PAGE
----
[Skip to content]

  • Buried in Nottingham General Cemetery.
Photo by Murray Biddle
Person Details
Frederick McAlonan was born in 1892 and was the son of William a soap and curtain dealer and Alice McAlonan née Carline of 82, Gordon Rd Nottingham. His father William McAlonan was born in 1861 at Antrim, Ireland and his mother Alice Ann Carline was born in 1865 in Disley, Chesire, they were married in 1884 at Ashton Under Lyne and went on to have the following children, Gertrude b1889 Droylsden, Lancashire, William b1890 Sheffield, Frederick b1892 Nottingham and Alice b1904 Nottingham. In the 1911 census the family are living at 82 Gordon Road, Nottingham and are shown as William 50 yrs a soap and curtain dealer, he is living with his wife Alice Ann 46 yrs and their children, Gertrude 22 yrs a blouse maker, William 21 yrs a hosiery warehouse man, Frederick 19 yrs a hosiery warehouse man and Alice 7 yrs. Frederick Married his wife Lily Catherine Bevan at Lewisham in 1919. His probate proven on 14th May 19120 at Nottingham shows him as Frederick McAlonan of 82 Gordon Road, Nottingham, hosiery warehouse man clerk, died on 18th April 1920 at City Isolation Hospital, Bagthorpe, Nottingham, his effects of £148 10 shillings were left to Lily Catherine McAlonan widow.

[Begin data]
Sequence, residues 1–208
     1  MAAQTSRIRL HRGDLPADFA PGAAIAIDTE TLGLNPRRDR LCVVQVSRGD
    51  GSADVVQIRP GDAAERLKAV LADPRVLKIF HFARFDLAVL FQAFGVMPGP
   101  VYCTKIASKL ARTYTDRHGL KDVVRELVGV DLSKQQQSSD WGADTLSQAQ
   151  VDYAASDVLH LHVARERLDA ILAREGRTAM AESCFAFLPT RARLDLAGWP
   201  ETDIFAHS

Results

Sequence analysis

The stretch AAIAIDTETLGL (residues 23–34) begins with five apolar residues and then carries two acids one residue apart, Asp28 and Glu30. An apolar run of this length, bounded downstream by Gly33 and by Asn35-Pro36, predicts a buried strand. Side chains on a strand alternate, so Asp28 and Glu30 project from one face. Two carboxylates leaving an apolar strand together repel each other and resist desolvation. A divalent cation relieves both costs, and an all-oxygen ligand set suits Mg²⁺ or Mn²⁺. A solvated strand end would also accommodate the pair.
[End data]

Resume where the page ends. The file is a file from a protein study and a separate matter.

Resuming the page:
He was a hosiery warehouse man clerk
18 Mar 1920
2750498 - CWGC Website
7th Bn Sherwood Foresters (Notts & Derby Regiment)
Private Frederick McAlonan enlisted on 23 November 1915 at Nottingham aged 21 yrs and 11 months his occupation was stated as a clerk. He was discharged 10 March 1919 aged 25 yrs . He had pulmonary tuberculosis attributed to active service and was awarded a Silver War Badge no B234958. He died on 18th April 1920 at the City Isolation Hospital, Bagthorpe and is buried at Nottingham General Cemetery (grave ref 03473)
Date of death on memorial: 18 April 1920 and confirmed in his probate report.
Remembered on


  • Buried in Nottingham General Cemetery.
Photo by Murray Biddle
    Frederick McAlonan - Buried in Nottingham General Cemetery. Photo by Murray Biddle